Downing’s addition highlights emphasis on conditioning
Former Revs defender becomes club’s first-ever strength and conditioning coach
January 5, 2012
FOXBOROUGH, Mass. – Finishing games was a problem for the New England Revolution last season.
The Revs conceded 16 goals in the 75th minute or later, including eight game-winning or game-tying goals in the final 15 minutes. In one brutal three-game stretch between late August and early September the Revs saw second-half leads of 1-0, 2-0 and 4-1 slip away en route to a trio of demoralizing draws as they dropped crucial points late in the season.
Jay Heaps aims to reverse that trend in 2012 by turning his side into one of the fittest in the league, and the Revolution’s new head coach took a significant step in that process on Thursday afternoon by naming Nick Downing as the club’s first-ever strength and conditioning coach.
Downing, a former teammate of Heaps who made 17 appearances for the Revs from 2001-02, retired from professional soccer in 2004 and began a new career in the realm of physical fitness, earning his certification as a personal trainer in 2005. It’s that combination of experience as a professional soccer player and as a strength and conditioning expert which Heaps believes makes Downing the ideal candidate to whip the Revs into shape.
“He understands the soccer body,” said Heaps, who quipped that Downing was the only player to ever beat him in fitness drills. “He understands what it takes, the physical demands that a soccer player needs to play at the highest levels.”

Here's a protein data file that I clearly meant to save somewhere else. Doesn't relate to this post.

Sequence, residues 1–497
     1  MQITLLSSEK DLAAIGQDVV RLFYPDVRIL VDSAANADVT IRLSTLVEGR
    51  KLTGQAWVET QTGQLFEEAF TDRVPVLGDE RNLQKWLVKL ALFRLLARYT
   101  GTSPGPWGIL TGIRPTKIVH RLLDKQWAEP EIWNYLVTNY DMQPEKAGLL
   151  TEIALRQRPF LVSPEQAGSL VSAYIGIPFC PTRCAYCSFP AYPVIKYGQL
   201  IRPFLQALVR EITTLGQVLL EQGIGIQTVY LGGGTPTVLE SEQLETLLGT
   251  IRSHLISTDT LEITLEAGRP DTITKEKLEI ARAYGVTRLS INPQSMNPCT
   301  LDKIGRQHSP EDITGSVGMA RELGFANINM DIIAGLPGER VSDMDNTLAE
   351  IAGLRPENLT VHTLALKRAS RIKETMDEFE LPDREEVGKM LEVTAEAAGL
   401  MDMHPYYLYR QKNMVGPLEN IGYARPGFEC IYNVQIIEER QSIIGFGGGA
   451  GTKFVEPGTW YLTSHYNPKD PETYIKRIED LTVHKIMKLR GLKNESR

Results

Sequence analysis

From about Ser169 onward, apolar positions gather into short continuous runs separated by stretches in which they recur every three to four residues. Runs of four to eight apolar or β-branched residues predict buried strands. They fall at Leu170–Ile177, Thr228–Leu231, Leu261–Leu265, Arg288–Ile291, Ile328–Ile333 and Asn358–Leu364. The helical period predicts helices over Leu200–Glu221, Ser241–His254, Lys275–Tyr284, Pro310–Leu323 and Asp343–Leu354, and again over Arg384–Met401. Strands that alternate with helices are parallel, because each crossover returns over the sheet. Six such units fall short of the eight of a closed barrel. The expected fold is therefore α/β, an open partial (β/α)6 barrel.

Since his hiring, Heaps has emphasized his devotion to increased strength and conditioning, evidenced recently by the construction of a new Revolution-specific workout facility adjacent to the club’s locker room, complete with weights and cardio equipment. In a sense, the facility will serve as Downing’s office.
Along with Downing, Heaps wants to develop a regimen which prepares his players for all the rigors of a 90-minute soccer game, not one which simply provides the lung capacity to run in a straight line for two hours.
“We’re not just trying to get players into shape by blindly having them run [all] day,” said Heaps. “It’s going to be a more strategic approach to it. That’s where Nick and I have really started to work together on building how we’re going to train. What do the players need to be able to perform not only in game one, but game 34 and then going into the playoffs?”
It’s that long-term approach which necessitates an expert like Downing on staff in a full-time capacity.
“We’re not looking at it as can we get these players in shape by the end of preseason,” Heaps said. “We want to [ask] how do we get these players fit and how are we going to monitor them throughout the year so we’re hitting peak fitness at the right time?”